- Author: Brad Hanson
Last week I attended the Western Society of Weed Science annual meeting (Spokane, WA). Joe DiTomaso and I were invited to speak in an Education and Regulatory Symposium entitled "Use of New Technology by Weed Science Educators" and I thought I'd share a few thoughts about the session and also my presentation on blogs.
This interesting symposium organized by Marvin Butler from Oregon State University had four speakers plus time for discussion.
First, James Leary from the University of Hawaii at Manoa spoke about "The Virtual Field Day (VFD): Web-based video presentations that extend to a broader audience". He discussed his use of low cost, self edited YouTube videos that he described as a "guerrilla extension video" effort. In addition to being very entertaining, I think James gave a few of us some ideas of how to use fairly low-tech and free video equipment and software. In particular, I enjoy his presentations of using herbicide-filled "paint balls" to deliver herbicides to invasive weeds in remote areas of Hawaii.
Joe DiTomaso from UC Davis Weed Science gave a presentation on "Educational Videos: a Way to Do More with Less". You can see the first video in this series (How to Identify Weeds) here - this one is designed for Master Gardeners but future videos are planned for other audiences. This effort takes a more polished approach to extension videos than James' videos and hopes to eventually replace or supplement some in-person extension presentations.
I gave my presentation called "Blogs as an Extension Tool: Experiences of a Novice Blogger". I spoke about this blog (UC Davis Weed Science) and a blog called "The Almond Doctor" by UC Cooperative Extension Farm Advisor, David Doll. The slides I presented are in the window below.
2011 WSWS_Hanson_Blogs for Extension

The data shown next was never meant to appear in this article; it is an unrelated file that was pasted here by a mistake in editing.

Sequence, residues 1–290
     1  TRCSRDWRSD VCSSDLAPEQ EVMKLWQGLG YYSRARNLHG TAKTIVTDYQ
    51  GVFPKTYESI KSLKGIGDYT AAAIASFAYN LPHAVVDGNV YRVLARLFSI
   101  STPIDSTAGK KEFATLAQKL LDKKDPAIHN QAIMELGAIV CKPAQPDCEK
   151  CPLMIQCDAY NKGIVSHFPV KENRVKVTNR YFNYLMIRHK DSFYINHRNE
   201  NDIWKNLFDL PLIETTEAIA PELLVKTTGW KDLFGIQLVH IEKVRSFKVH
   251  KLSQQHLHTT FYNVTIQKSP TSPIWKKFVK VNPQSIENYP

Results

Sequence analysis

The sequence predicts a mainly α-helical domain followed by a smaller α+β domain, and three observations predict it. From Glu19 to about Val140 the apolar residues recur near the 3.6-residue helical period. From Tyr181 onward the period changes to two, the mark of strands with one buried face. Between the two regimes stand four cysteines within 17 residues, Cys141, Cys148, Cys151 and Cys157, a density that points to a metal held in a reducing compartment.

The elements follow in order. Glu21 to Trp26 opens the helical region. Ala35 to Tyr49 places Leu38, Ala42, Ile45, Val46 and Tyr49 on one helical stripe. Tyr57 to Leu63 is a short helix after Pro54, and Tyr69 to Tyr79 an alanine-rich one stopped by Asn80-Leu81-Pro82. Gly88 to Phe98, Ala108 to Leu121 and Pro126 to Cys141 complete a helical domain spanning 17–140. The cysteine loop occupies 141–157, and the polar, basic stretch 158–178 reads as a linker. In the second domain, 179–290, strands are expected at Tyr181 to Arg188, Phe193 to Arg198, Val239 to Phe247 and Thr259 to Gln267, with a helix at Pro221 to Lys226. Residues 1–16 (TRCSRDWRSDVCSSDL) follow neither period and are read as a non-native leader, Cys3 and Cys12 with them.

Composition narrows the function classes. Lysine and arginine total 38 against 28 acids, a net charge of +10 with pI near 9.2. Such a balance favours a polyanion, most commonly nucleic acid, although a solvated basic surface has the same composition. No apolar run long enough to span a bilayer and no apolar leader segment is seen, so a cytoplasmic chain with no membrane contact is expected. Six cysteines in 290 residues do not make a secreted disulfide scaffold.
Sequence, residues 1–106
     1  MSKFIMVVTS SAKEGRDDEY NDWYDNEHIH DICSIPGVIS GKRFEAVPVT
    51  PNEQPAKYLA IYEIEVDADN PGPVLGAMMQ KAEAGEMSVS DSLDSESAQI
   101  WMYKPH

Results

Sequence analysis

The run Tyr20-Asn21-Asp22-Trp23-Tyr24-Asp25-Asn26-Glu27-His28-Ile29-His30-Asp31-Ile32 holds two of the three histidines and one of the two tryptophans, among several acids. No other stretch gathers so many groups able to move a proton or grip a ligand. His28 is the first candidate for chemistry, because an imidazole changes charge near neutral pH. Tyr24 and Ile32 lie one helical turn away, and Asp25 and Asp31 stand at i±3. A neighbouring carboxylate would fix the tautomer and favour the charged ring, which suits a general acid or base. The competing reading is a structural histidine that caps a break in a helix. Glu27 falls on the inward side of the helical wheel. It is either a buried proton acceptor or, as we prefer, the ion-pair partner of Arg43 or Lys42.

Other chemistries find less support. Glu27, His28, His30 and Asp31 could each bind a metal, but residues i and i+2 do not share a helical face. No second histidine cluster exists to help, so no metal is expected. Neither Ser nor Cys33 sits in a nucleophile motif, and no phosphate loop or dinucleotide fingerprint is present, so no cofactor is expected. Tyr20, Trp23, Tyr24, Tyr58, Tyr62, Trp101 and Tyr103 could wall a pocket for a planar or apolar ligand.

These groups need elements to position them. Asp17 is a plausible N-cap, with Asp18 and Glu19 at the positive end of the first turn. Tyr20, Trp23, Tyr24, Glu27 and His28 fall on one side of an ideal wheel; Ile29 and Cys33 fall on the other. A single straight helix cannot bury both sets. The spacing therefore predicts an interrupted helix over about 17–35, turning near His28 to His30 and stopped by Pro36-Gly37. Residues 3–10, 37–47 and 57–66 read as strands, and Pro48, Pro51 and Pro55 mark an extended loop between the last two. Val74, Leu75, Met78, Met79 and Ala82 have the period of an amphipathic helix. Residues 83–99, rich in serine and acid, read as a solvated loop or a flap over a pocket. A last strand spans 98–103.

Finally, Marvin Butler from Oregon State University spoke about his efforts to make the Central Oregon Agricultural Research Center Annual Reports available and searchable online. His presentation was called "Searchable Database: Web-Based Access to Research Information". I thought it seemed like a very interesting way (as well as a daunting task) to make decades of annual reports searchable by author, crop, pest, pesticide, etc. You can find that database here.
Overall, the symposium was successful and generated quite a bit of interest and discussion among those in attendance. Most thought that the combined effects of declining numbers of extension personnel, decreasing travel, and an increasingly sophisticated extension clientelle, we are going to rely on these types of technology more in the future.
I'd be interested to hear your reactions and experiences with "new technology" in an agricultural extension context.
In related news, two UC Davis Weed Science members were honored at the Western Society of Weed Science meeting this year. Joe DiTomaso completed his term as President of the Society and will continue to serve for another year in an advisory role as Immediate Past President and Brad Hanson was named as Outstanding Early Career Weed Scientist for 2011.